This disagreement was eventually rendered moot when Parliament enacted the Constitution (105th) Amendment Act, 2021 which restored States’ powers to identify backward classes. 

Scheduled Caste Status Does Not Travel Across State Lines

Justice Nazeer was a member of the 5-Judge Constitution Bench in Bir Singh v Delhi Jal Board (2018) where they considered whether beneficiaries of reservations in one State could claim reservations in another State. Justice Ranjan Gogoi authored the majority opinion. The Bench unanimously held that a citizen who held Scheduled Caste (SC) or Scheduled Tribe (ST) status in one State would not be entitled to reservations in another State. The case arose when a migrant worker with Scheduled Caste status applied for a position in the Delhi Jal Board and sought to apply for reservation benefits provided to SC persons. 

However, the Bench also held that such individuals could still claim reservations in public bodies, such as the Delhi Jal Board, as they are managed by the Union government. Justice Banumathi dissented, stating that migrant SC/ST persons would only be entitled to reservation benefits in public bodies where the Union conducted the recruitment for the post. 

Deciding the Standard of Evidence in Bribery Cases and Clarifying When a New Accused can be Summoned

The Constitution Bench led by Justice Abdul Nazeer delivered four Judgments during the final month of his tenure. The first two dealt with the intricacies of criminal procedure and are expected to have wide ramifications on how criminal trials are held right from the lower court stage. The first case, Sukhpal Singh Khaira v State of Punjab (2022), arose when a Sessions Court in Punjab summoned five new accused persons after delivering a Judgment against 11 people in the same case under multiple criminal legislations. These five new accused appealed the summons, claiming that it violated Section 319 of the Criminal Procedure Code, 1973

Justice A.S. Bopanna delivered the unanimous Judgment on December 5th, 2022. The Judgment held that in cases where the accused has been convicted, the trial or sessions court can summon new accused persons until the punishment of the original accused persons is decided. However, the Court must re-examine the evidence all over again for the new accused before pronouncing a Judgment. The Judgment only marks the end of a case when the accused is acquitted. 

10 days later, on December 15th, in Neeraj Dutta v State (Govt of NCT Delhi), the same Bench clarified how Courts could decide bribery cases when there is no direct evidence to examine. The case arose when a Lower Division Clerk in Delhi was caught accepting a bribe, but the complainant passed away before the trial could begin. Justice B.V. Nagarathna, who wrote the unanimous Judgment, held that public officials could be convicted of bribery under the Prevention of Corruption Act, 1988 even if there was no direct evidence of their guilt. Reliable circumstantial evidence would be enough to prove their guilt.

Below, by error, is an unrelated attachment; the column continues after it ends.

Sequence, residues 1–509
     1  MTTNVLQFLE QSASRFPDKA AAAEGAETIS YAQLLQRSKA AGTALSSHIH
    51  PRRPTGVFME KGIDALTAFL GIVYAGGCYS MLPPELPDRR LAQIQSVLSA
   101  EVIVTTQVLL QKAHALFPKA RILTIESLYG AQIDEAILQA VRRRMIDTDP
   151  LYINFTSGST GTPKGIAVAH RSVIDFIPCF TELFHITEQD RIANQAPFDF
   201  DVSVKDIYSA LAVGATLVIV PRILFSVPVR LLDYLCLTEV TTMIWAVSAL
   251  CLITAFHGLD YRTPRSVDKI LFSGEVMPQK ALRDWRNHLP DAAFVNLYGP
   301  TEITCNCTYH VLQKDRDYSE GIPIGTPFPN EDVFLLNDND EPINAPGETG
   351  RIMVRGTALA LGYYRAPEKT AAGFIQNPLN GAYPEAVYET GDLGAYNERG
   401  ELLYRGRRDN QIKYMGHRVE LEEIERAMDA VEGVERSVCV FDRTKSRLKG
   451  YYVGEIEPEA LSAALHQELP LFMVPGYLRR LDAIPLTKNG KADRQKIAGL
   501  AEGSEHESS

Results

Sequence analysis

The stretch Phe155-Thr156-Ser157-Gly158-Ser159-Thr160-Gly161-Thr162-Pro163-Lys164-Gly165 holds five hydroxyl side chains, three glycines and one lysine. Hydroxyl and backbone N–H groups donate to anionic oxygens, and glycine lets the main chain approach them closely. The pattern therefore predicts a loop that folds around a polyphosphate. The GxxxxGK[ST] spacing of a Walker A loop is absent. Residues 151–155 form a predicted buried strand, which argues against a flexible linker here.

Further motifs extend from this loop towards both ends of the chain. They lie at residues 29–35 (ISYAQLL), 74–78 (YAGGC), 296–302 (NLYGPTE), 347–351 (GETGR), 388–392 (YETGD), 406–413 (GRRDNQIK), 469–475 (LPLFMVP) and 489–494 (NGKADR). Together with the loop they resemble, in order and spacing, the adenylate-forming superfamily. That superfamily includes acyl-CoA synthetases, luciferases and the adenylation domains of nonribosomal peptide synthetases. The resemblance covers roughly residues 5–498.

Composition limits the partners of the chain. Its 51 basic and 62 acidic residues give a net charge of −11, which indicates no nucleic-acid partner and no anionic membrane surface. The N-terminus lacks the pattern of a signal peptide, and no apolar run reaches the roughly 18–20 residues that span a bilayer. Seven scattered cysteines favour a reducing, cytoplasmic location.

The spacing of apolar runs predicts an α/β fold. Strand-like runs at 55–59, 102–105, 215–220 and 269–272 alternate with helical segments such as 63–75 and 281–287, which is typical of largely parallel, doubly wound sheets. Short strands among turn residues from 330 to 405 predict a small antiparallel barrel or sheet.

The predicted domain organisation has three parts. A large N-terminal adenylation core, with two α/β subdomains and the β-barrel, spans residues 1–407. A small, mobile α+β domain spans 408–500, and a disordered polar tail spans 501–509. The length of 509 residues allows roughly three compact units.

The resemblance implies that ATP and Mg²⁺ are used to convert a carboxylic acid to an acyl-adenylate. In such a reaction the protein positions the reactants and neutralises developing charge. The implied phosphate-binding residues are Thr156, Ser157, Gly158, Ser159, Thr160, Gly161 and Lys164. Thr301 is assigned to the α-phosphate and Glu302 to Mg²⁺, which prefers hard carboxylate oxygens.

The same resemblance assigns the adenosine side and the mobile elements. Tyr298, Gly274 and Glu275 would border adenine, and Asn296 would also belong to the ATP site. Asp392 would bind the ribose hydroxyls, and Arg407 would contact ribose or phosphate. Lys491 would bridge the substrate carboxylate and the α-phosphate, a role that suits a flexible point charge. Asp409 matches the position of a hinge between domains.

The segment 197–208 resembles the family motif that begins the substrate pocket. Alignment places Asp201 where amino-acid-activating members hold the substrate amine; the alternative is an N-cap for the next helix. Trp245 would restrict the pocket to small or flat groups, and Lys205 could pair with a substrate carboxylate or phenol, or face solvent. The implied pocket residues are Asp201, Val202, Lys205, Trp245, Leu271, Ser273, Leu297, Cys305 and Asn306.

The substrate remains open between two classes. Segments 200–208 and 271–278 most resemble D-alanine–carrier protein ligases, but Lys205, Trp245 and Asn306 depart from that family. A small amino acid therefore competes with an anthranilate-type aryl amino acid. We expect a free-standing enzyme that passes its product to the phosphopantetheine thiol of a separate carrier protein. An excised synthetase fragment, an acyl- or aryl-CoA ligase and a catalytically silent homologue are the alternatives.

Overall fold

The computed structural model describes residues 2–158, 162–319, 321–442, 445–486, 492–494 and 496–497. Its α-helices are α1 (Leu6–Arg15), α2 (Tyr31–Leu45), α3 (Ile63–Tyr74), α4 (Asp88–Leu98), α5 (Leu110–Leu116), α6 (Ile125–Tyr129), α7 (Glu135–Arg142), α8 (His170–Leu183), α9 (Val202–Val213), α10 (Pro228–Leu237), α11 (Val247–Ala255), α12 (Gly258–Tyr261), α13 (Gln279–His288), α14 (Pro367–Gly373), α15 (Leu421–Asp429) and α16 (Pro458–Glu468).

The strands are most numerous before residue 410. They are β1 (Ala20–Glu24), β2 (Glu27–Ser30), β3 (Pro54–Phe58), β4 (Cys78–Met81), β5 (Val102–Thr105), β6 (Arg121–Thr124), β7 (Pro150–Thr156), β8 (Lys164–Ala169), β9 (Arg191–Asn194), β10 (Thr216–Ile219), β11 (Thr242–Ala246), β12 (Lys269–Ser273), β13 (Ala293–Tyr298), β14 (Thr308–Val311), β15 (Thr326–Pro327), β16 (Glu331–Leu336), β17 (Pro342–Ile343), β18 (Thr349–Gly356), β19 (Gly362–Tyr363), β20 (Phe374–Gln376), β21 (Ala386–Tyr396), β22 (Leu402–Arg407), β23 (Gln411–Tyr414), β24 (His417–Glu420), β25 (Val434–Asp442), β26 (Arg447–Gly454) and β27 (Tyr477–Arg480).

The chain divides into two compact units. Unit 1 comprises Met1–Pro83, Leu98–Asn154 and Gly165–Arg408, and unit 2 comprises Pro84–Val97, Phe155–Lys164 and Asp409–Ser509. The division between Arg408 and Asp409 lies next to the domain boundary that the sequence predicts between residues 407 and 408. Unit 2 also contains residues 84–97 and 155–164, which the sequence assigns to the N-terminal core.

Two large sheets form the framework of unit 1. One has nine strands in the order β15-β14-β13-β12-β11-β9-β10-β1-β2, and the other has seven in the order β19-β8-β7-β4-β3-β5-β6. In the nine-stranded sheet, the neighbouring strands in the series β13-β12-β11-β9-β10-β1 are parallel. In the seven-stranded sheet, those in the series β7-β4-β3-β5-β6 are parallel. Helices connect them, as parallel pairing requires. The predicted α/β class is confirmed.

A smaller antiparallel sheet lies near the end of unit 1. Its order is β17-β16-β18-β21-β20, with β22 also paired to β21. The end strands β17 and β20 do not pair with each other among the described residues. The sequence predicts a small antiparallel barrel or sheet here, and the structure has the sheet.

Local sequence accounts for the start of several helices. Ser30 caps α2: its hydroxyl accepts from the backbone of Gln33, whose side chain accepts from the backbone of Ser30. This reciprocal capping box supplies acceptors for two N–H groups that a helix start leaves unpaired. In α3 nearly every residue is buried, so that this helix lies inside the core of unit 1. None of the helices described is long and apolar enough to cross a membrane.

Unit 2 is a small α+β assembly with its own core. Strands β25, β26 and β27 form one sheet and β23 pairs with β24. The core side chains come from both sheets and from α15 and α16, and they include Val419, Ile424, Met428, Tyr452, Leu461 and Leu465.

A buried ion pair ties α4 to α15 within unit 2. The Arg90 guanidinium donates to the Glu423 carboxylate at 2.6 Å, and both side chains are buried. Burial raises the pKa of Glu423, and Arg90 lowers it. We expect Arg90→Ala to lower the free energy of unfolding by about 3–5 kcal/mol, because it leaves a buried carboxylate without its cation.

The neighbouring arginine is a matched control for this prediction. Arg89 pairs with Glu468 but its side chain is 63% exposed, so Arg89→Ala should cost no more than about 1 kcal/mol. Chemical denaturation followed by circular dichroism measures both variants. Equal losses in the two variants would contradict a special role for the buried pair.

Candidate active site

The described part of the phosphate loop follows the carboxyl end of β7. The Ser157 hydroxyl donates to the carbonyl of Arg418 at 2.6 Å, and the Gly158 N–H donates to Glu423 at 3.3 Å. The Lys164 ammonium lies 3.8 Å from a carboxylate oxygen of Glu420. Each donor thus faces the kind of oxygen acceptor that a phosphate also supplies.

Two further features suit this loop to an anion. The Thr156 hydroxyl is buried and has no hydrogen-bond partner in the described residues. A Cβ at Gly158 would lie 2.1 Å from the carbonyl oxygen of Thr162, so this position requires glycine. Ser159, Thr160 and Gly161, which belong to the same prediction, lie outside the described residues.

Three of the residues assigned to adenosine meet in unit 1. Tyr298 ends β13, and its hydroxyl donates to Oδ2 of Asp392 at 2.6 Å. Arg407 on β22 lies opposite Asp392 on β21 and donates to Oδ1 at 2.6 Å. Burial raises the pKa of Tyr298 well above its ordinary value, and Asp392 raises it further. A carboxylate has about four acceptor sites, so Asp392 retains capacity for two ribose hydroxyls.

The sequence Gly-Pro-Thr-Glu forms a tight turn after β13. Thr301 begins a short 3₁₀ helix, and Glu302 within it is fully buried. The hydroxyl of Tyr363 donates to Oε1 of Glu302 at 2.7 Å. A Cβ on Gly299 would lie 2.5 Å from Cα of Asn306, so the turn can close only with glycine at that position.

Upholding the Validity and Implementation of the Demonetisation Scheme

On the first day after the SC’s winter break, the 5-Judge Constitution Bench led by Justice Nazeer upheld the Union government’s 2016 demonetisation scheme in Vivek Narayan Sharma v Union of India (2023). Justice B.R. Gavai authored the majority opinion while Justice B.V. Nagarathna wrote the sole dissent.

The primary concern of the petitioners was that the scheme had not been implemented properly. They claimed the Union initiated the demonetisation proposal instead of the Reserve Bank of India (RBI), as required under the RBI Act, 1934. Further, they argued that the exercise to remove all ₹500 and ₹1000 notes from circulation was disproportionate to the Union’s stated objectives. 

The Bench disagreed, stating that the RBI Act must be read with a ‘practical’ mindset and that the Union and the RBI deliberated extensively before implementing the scheme. They also held that the Union’s objectives shared a reasonable connection with the measures implemented during demonetisation. Notably, neither the majority opinion nor the dissent commented on the efficacy of the demonetisation scheme, which some commentators suggest does not stand up to scrutiny. 

Public Officials’ Freedom of Speech Cannot be Restricted by Other Fundamental Rights

On January 3rd, Justice Nazeer’s penultimate day in office, the 5-Judge Constitution Bench led by him decided the case of Kaushal Kishore v State of Uttar Pradesh (2022). All five Judges unanimously held that the Freedom of Speech can only be restricted by the grounds mentioned in Article 19(2) of the Constitution. Additional restrictions can be imposed only by the Parliament and not the Court.

The case reached the SC in 2016 when two victims of a gang rape in Uttar Pradesh requested the Court to transfer the investigation to a different authority. They claimed that public comments made by Samajwadi Party MP Azam Khan, calling their allegations a ‘political conspiracy’ against the U.P. government, cast doubt over the integrity of the U.P. police’s investigation. Resultantly, this violated their right to a fair investigation—an extension of the Right to Life and Liberty. 

The Bench heard the case for a single day. The petitioners requested the Court to create a code of conduct for public officials until Parliament drafted a law on the subject. The Bench refused to do so, although Justice Nagarathna, in a separate concurring opinion, implored Parliament to enact a law that would restrict public officials from making such statements. 

This case marked the final Constitution Bench Judgment which included Justice Abdul Nazeer as a member of the Bench. In the four decisions delivered by this specific combination of Judges, every member of the Bench authored one of the Judgments except Justice Nazeer. This sequence of decisions is indicative of a larger pattern in his SC career, where any impact he may have had on the final Judgment in Constitution Bench cases remains unknown to the public.